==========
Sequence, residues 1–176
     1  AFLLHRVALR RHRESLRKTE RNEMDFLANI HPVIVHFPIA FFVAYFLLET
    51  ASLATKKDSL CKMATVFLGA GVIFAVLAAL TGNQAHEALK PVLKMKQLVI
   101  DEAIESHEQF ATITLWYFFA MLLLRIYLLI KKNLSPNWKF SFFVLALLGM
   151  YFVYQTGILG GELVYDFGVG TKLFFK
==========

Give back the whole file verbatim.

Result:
Sequence, residues 1–176
     1  AFLLHRVALR RHRESLRKTE RNEMDFLANI HPVIVHFPIA FFVAYFLLET
    51  ASLATKKDSL CKMATVFLGA GVIFAVLAAL TGNQAHEALK PVLKMKQLVI
   101  DEAIESHEQF ATITLWYFFA MLLLRIYLLI KKNLSPNWKF SFFVLALLGM
   151  YFVYQTGILG GELVYDFGVG TKLFFK